• Flight Simulator Pilot's Information Manual

    Flight Simulator Pilot's Information Manual

    By Nels Anderson (22 Jun 2001)

    One of the goals of many flight simulator pilots is to make their simulation experience as realistic as possible. Microsoft Flight Simulator and other sims certainly help this by providing realistic airplanes, scenery and navaids to fly with.

    There are lots of tools for making simulated flight more realistic. There are flight planners, approach plate generators, IFR adventures and so on. However, there is one thing missing for the beginner sim pilot: the knowledge of how to use all that's available.

    In the real world student pilots spend a high percentage of their training time learning regulations and procedures...perhaps even more time than is actually spent learning to control the plane. The same information that real pilots use can also be used by sim pilots. The standard references are the FAR (Federal Aviation Regulations) and the AIM (Aeronautical Information Manual). These are often combined into a single volume labeled "FAR/AIM". Just about everything a pilot, real or sim, would need to know about flying procedures is contained there.

    The only problem is that there is just so much...my 1997 Jeppesen FAR/AIM is well over 1000 pages and much of it is written in rather dense "governmentese". Flight Simulator Pilot's Information Manual by Bill Stack is designed to condense the FAR/AIM down to just the information relevent for sim pilots and explain it in an easier to read manner.

    Sim Pilot Information Simplified

    The Flight Simulator Pilot's Information Manual is made of up seven chapters that are actually quite similar to the sections in the AIM (see Figure 1 for a list).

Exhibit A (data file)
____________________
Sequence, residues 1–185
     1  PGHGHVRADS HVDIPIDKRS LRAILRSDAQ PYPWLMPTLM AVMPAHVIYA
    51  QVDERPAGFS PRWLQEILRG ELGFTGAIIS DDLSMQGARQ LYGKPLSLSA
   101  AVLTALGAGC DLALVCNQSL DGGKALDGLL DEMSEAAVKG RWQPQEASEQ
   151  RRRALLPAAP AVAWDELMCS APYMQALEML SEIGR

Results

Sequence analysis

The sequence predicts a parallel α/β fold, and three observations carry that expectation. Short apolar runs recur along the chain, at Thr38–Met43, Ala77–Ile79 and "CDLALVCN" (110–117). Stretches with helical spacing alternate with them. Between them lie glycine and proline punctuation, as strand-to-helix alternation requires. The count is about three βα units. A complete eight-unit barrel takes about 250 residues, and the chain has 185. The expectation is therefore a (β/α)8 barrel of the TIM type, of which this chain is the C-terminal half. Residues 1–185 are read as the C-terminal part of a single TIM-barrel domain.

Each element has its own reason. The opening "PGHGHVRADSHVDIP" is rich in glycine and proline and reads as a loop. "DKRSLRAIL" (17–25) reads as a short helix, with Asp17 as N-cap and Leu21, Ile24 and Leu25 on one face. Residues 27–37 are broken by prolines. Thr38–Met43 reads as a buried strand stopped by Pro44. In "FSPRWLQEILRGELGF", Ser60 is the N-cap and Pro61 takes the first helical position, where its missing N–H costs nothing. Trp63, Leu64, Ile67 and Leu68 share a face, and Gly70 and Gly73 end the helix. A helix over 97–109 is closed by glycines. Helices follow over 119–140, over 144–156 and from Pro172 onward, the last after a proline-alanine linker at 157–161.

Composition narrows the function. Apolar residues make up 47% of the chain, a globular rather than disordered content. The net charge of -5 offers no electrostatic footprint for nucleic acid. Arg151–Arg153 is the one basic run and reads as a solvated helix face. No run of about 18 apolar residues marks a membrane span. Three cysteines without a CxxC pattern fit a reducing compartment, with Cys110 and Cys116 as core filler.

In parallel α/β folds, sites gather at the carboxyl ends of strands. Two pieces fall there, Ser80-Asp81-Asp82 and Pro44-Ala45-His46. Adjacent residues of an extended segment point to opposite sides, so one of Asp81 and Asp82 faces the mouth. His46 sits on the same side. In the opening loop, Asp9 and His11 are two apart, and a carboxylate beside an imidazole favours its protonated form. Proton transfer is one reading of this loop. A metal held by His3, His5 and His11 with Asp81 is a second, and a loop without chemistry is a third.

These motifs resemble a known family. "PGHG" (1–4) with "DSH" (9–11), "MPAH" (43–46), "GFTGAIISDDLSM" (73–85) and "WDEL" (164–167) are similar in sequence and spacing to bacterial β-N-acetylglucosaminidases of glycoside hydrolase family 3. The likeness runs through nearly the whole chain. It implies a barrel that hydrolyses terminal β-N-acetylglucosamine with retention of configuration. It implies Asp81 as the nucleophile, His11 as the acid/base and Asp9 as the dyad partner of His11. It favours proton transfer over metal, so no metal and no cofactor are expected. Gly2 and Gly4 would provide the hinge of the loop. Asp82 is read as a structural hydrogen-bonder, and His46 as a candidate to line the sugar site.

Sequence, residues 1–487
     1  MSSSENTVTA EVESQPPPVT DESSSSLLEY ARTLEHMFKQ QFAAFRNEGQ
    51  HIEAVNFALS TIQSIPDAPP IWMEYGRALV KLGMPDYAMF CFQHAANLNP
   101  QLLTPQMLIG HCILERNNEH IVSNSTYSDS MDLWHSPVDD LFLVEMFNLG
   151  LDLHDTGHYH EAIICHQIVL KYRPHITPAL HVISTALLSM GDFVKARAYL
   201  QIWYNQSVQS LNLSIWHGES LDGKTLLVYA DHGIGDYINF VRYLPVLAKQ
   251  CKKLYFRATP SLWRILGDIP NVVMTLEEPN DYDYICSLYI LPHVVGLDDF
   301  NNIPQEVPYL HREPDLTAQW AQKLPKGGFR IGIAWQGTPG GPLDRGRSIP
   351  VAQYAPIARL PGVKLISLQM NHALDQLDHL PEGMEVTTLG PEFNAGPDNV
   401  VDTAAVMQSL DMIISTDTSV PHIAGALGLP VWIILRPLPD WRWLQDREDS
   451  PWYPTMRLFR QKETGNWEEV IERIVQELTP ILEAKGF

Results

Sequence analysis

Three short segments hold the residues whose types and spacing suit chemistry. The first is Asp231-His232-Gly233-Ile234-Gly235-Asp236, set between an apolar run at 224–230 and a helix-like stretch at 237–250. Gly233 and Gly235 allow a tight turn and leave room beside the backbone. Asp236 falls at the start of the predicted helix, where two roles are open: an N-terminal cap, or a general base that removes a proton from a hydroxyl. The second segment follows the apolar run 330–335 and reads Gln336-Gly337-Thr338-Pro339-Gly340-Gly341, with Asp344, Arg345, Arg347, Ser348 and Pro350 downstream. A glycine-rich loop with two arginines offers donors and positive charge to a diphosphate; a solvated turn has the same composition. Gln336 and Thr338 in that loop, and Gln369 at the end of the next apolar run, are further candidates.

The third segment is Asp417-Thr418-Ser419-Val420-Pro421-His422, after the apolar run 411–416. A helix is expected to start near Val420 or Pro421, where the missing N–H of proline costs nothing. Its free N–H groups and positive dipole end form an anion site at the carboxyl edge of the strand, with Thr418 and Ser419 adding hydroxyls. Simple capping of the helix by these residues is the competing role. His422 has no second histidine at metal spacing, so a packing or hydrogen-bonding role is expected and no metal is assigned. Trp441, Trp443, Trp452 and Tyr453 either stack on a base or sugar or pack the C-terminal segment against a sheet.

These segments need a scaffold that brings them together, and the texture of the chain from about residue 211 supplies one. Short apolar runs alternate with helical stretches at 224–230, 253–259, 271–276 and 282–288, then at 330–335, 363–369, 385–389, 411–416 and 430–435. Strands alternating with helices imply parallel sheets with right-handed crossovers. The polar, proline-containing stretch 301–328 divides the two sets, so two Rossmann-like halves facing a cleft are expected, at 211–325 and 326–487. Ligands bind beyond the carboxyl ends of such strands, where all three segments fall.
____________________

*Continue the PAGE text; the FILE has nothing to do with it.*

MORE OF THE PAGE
Chapter 1: Knowing Your Way Around Airports
    Chapter 2: Adhering to Airport Operations
    Chapter 3: Knowing the Airspaces
    Chapter 4: Using Air Traffic Control
    Chapter 5: Flying Visual Flight Rules
    Chapter 6: Flying Instrument Flight Rules
    Chapter 7: Using Emergency Procedures
    Appendix: Abbreviations
    Figure 1: List of Chapters
    Each chapter is short and to the point and covers its topic with special consideration of what's possible and what must simply be imagined when flying a simulator. For example, Chapter 1 details how runways are layed out, including such beginner mysteries as why they are numbered the way they are (because of their compass alignment).

    The chapters on aircraft operation cover topics like landing patterns, contacting the control tower and other ATC facilities. Airspace types and regulations are well detailed as are VFR and IFR flight procedures. The list of abbreviations in the appendix is rather brief and only includes terms used in the book so it's not a complete reference of aviation terminology.

    Details

    The revised version of the book has been updated with the latest information from the 1997 FAA references (the FAR and AIM). Thus most of the technical and legal details that the book covers are right up to date. Enough detail is given for the needs of a flight simulator pilot without going into the dense prose found in much of the actual FAA documentation.

    A few of the finer details of the book might be questionable but the majority of the information provided is correct and certainly adequate for flight simulator use. There are some areas that might be explained better, but the target audience for this book will still learn a lot about real world flying and how to apply that type of realism to simulator flying.

    Conclusion

    In conclusion, I really like the concept of this book. I think there's a need for it, since it covers topics that I see sim pilots asking about all the time. This second edition of the book offers sufficient accuracy and currency of information that a sim pilot can learn and apply real world flying techniques in use today.

    Author Bill Stack can be contacted directly at fsbooks@topskills.com.

    Or you can visit his home page at http://www.topskills.com/flitsim.htm

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